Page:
For this reason, since the day we heard about you, we have not stopped praying for you. We continually ask God to fill you with the knowledge of his will through all the wisdom and understanding that the Spirit gives, so that you may live a life worthy of the Lord and please him in every way: bearing fruit in every good work, growing in the knowledge of God, being strengthened with all power according to his glorious might so that you may have great endurance and patience, and giving joyful thanks to the Father, who has qualified you to share in the inheritance of his holy people in the kingdom of light. For he has rescued us from the dominion of darkness and brought us into the kingdom of the Son he loves, in whom we have redemption, the forgiveness of sins.
Colossians 1:9-14

Thriving Congregations Thu, 15 Jun 2017 20:37:53 +0000 by Betty Pries (foreword by Garry Janzen)

As MCBC congregations, these 10 Characteristics of Thriving Congregations are worthy of our consideration. These have been put together by Betty Pries.  May God be with us as we seek to thrive as beacons of the love of Jesus in our congregations, our neighbourhoods, and around the world.


1. Empowered and Empowering Leadership  
• A leader people want to follow
• A leader that can go to the hard places and into the tough questions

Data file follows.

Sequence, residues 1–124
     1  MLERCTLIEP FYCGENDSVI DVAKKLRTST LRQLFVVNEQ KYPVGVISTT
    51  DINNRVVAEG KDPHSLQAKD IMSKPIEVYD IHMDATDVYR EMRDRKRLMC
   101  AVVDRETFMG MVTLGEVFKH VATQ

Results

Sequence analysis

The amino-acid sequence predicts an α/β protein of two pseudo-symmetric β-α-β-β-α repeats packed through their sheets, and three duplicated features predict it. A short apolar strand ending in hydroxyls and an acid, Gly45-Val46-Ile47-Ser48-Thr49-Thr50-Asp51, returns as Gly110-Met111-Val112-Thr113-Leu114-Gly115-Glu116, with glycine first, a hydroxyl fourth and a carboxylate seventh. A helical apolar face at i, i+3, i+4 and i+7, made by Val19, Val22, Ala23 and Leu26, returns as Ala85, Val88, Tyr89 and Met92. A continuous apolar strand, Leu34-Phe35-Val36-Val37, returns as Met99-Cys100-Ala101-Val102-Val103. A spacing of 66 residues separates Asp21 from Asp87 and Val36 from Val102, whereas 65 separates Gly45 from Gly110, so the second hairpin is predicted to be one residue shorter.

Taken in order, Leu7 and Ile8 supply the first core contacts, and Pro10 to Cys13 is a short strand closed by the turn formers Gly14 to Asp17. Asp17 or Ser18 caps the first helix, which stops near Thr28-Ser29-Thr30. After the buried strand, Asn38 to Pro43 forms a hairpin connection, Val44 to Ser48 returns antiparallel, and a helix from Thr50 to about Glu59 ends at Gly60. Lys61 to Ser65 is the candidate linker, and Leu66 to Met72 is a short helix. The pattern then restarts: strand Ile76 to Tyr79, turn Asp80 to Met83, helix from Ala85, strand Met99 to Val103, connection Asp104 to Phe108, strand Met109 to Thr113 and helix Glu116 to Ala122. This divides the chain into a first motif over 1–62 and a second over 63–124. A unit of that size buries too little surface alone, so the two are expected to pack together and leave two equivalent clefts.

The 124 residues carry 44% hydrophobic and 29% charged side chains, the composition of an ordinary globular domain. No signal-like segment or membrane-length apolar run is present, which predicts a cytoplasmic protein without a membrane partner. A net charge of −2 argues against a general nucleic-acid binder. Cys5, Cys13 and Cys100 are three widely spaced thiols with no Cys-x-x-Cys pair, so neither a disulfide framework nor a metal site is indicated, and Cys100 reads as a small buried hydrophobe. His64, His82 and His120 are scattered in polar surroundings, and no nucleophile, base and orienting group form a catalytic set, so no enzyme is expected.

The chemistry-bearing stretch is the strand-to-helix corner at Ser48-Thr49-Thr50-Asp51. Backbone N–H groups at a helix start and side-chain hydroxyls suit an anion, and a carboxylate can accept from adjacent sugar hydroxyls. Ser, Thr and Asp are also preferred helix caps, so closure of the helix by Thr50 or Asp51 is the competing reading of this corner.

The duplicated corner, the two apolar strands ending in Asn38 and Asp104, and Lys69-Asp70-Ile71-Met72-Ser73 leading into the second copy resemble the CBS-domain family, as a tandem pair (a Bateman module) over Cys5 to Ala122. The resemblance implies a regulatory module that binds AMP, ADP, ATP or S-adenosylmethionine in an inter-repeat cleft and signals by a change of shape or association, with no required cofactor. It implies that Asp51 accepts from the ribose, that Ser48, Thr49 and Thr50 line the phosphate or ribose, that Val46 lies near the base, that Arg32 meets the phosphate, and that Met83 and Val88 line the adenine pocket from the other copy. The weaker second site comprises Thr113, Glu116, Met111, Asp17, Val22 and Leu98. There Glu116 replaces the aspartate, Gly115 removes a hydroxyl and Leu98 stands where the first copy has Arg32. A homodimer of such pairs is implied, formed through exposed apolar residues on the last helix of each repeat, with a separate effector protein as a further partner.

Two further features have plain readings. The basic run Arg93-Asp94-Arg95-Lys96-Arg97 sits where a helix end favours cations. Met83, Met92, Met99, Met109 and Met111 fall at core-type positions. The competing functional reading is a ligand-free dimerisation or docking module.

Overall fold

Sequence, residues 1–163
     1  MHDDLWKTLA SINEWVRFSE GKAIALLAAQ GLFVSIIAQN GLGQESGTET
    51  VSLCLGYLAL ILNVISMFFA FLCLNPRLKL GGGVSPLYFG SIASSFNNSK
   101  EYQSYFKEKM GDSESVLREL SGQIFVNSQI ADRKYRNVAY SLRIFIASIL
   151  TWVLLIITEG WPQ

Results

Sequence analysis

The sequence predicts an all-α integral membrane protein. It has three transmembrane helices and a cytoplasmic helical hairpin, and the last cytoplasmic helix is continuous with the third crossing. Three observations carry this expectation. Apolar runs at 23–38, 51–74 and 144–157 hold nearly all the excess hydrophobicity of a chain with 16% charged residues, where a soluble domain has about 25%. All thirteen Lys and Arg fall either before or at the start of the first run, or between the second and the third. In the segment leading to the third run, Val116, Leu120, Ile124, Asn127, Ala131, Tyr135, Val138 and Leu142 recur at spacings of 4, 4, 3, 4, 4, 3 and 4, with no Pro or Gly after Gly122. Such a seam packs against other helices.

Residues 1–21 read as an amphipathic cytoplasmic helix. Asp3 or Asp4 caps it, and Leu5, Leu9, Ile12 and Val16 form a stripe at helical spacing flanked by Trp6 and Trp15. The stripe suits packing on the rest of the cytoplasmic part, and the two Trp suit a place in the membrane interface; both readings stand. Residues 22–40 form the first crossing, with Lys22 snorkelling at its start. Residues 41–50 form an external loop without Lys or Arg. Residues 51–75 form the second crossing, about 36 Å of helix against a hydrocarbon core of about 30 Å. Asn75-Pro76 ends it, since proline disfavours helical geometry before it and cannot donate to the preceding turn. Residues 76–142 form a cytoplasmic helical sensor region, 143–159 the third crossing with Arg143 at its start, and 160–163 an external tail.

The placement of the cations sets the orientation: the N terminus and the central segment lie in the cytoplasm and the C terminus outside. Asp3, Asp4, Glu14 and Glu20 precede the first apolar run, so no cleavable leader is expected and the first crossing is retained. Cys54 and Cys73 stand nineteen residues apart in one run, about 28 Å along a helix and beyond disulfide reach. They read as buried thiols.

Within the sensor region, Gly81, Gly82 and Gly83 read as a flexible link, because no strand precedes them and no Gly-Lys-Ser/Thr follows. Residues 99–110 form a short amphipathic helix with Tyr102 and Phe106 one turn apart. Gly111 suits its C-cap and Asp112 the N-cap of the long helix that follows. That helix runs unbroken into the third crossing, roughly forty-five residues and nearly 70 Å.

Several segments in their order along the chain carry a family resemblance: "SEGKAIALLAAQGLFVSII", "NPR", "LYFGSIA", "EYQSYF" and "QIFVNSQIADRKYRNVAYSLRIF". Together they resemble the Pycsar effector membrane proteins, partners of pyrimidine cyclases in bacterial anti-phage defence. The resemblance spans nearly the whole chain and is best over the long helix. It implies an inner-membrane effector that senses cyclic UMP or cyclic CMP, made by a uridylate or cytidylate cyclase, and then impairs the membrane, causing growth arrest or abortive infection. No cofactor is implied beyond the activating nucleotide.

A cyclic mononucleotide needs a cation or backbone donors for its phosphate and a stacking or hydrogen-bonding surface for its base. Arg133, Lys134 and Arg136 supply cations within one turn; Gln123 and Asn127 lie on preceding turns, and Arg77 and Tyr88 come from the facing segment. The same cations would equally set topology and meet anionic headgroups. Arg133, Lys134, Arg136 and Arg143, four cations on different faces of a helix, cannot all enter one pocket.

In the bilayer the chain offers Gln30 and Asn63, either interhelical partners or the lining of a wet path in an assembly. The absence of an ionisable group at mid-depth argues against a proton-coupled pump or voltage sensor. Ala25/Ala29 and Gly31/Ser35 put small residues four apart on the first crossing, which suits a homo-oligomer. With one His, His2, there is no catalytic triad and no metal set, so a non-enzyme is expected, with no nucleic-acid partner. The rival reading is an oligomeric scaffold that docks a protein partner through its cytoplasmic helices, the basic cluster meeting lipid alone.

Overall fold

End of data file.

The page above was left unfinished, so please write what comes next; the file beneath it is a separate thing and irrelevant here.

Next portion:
• A leader who loves the people unconditionally
• A leader who can read the Bible and the times in which we are living
• A leader who awakens and nurtures the gifts of the congregation

2. Passionate Spirituality
• Spirituality that plumbs the depths: Faith that speaks to head, heart, will
• Spirituality that allows for questions, invites people on a journey
• Spirituality that is rooted in reading the Biblical story with fresh eyes
• Spirituality that boldly and humbly makes claims about who God is, what Jesus was about, what the Spirit is doing…

3. Loving and authentic Relationships  
• Engaging in conversations that matter – the freedom to be real with one another
• Healthy interpersonal relationships
• Creating a sense of belonging – “this place cares about me”

4. Sense of Values, Identity, Purpose
• Clarity of fence posts – naming what the congregation is clear on (core values/identity)
• Listening for God’s leading
• Keeping a sense of purpose in front of the congregation
• Talking about our values, identity, purpose to ourselves

5. Effective Structures and Appropriate Resources
• Structures that are driven by a sense of mission, values, identity and purpose
• Structures that are flexible, clear, efficient and effective
• Meeting spaces, finances and resources that allow a congregation to flourish without allowing the congregation to become complacent

6. Inspiring Worship
• Worship that awakens people to their identity as God’s beloved
• Worship that invites encounters with God’s presence
• Worship that occurs on Sunday mornings or not on Sunday mornings

7. Holistic “Smaller” Opportunities to Connect within the larger Whole
• Inviting participation in our programs/ministries
• Encouraging smaller opportunities to connect as locations for encountering God’s presence and for loving and authentic relationships
• Placing leadership energy to build connections and support faith development within cohort groups
– Age cohort groups:  Children, youth, young adults, seniors
– Gender cohort groups
– Service-based cohort groups (choirs, outreach groups)
– Needs-based cohort groups (support groups)
• Placing leadership energy to build connection opportunities between cohort groups and the larger community (outreach)